The Old Ursuline Convent is one of the most historically significant buildings in New Orleans. Established for the Sisters of the Order of Saint Ursula who arrived in New Orleans from Rouen, France in the 1720s, this walled complex consists of several buildings, the oldest being the main building dating back to the early 1750s.

Historical Significance

Having survived the fires of 1788 and 1794, this National Historic Landmark is the last remaining structure from the days of French rule in New Orleans. It’s also reportedly the oldest building in the Mississippi River Valley. The convent, now under the direction of the Archdiocese of New Orleans, serves as a venue for weddings and is open to the public for self-guided tours. However, ticket prices are relatively high considering the simplicity of the exhibits, so if historical religious sites aren’t your cup of tea, you may want to skip this one.

Starting Your Tour

To begin your tour of the complex, which includes a visit to the main building (ground floor), courtyards, and the adjoining Church of Saint Mary, purchase your entrance ticket at the gatehouse and make your way across the courtyard to the main building.

The Main Building

Built to replace the first convent on this site (which reportedly succumbed to the local weather in the 1740s), this wide, two-story grey building initially served as the nuns’ residence. Over time, it housed an orphanage and a Catholic boys’ school. The convent building has also served as:

  • The seat of the Louisiana legislature (in the 1830s)
  • A bishop’s residence
  • Archdiocese administrative offices and archives
  • The Catholic Cultural Heritage Center of the Archdiocese of New Orleans (since 2004)

Entering through the central foyer, you’ll see the cypress staircase with a wrought iron banister. From here, you’ll have access to the ground floor rooms, such as the Ursuline Room (formerly the orphan’s dining room), which serves as an exhibition space.

Exhibits and Artifacts

The various items you may see on display include:

  • A statue of Mary from the Ursuline Convent in Rouen, France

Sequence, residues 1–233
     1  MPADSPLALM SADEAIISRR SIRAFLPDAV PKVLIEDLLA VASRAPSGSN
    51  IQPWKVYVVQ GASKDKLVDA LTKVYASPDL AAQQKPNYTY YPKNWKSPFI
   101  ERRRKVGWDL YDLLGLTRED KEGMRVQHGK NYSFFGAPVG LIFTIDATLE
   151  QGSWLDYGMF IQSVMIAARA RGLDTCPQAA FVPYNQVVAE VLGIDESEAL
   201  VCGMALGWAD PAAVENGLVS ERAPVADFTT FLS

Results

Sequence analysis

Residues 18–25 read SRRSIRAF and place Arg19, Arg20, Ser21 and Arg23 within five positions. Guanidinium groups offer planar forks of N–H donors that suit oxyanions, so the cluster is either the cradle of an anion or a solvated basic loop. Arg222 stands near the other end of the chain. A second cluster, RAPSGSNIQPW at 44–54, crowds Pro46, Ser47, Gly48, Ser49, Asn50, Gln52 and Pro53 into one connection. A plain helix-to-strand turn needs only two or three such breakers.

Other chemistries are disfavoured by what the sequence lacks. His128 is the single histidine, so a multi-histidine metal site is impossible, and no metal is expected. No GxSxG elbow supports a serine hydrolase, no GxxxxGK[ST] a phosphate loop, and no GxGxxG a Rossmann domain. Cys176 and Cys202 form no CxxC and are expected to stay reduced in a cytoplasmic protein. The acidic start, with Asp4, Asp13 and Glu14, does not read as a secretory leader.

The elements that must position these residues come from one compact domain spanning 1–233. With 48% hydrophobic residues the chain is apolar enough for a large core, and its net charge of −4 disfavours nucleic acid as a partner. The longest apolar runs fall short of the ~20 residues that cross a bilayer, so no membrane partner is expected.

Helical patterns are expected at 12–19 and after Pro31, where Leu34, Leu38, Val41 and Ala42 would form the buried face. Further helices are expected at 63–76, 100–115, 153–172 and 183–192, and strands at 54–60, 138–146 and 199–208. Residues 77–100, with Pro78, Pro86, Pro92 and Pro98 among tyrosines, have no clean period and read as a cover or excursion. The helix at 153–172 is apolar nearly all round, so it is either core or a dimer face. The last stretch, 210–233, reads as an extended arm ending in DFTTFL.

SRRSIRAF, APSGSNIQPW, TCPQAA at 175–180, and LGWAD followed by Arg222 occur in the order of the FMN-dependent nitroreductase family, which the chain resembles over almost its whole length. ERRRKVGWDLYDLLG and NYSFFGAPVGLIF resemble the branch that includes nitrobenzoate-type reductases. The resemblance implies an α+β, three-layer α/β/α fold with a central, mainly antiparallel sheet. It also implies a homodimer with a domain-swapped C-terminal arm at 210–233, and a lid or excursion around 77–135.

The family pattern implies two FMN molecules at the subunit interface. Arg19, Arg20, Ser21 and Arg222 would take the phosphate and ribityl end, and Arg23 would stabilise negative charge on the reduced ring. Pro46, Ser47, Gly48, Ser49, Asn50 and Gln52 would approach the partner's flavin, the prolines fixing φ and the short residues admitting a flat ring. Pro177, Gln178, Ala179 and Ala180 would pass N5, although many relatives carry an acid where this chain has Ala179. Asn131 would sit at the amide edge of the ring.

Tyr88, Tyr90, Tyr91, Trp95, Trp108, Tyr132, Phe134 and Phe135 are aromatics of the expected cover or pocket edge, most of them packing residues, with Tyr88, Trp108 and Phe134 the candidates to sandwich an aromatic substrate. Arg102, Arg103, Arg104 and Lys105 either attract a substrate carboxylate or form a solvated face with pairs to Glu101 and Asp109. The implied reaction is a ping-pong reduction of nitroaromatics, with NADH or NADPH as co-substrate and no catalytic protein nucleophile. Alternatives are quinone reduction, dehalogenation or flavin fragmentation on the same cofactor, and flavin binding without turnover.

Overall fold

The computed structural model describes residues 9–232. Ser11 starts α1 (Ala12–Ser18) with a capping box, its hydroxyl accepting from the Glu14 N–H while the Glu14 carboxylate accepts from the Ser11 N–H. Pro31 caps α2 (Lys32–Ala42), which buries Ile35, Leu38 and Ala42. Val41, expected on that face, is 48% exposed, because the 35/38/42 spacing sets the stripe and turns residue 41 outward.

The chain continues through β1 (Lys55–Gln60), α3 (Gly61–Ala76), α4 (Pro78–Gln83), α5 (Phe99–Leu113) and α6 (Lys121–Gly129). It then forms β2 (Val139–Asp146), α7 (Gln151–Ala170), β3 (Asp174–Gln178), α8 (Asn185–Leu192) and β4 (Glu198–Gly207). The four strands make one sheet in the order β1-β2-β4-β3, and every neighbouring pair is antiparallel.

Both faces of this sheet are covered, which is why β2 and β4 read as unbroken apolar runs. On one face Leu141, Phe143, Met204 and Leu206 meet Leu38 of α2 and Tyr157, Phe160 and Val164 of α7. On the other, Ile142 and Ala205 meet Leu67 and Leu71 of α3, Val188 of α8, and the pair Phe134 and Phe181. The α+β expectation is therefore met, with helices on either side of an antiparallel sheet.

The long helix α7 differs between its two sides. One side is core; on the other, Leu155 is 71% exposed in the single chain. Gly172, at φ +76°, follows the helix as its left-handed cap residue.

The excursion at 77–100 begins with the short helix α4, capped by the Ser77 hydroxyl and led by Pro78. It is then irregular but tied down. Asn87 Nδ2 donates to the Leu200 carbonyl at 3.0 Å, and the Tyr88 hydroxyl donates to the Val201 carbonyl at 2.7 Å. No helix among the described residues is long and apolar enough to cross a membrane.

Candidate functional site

• A small collection of objects and artifacts, such as archival documents reflecting the history of the convent
  • Glass bottles and medicinal supplies used by the nuns to treat patients in the Royal Hospital

The National Shrine of the Order of Saint Lazarus

Just past the Ursuline Room, you’ll see a small chapel that serves as the National Shrine of the Order of Saint Lazarus. Decorative features here include:

  • An altar adorned with a giant scallop shell
  • A monochrome bas-relief depicting the raising of Lazarus, created by sculptor Charles Reinike III
  • Bas-reliefs of the Grand Priory coats of arms
  • Flags and banners of the Military and Hospitaller Order of Saint Lazarus of Jerusalem

The Church of Saint Mary

Passing through the chapel, make your way to the adjoining Church of Saint Mary. This mid-19th century church, dedicated to Our Lady of Victory and built on the site of a previous chapel, served as the bishop’s place of worship. It’s often referred to as Saint Mary’s Italian Church due to its predominantly Italian-American congregation.

Interior Features

The church’s interior features:

  • A marble altar adorned with Corinthian columns and statues of angels
  • Painted ceilings (notice the coat of arms of the Archdiocese of New Orleans at the center)
  • Stained glass windows
  • The original 19th-century organ above the main entrance
  • Several painted statues, such as Saints Michael and Rosalia of Palermo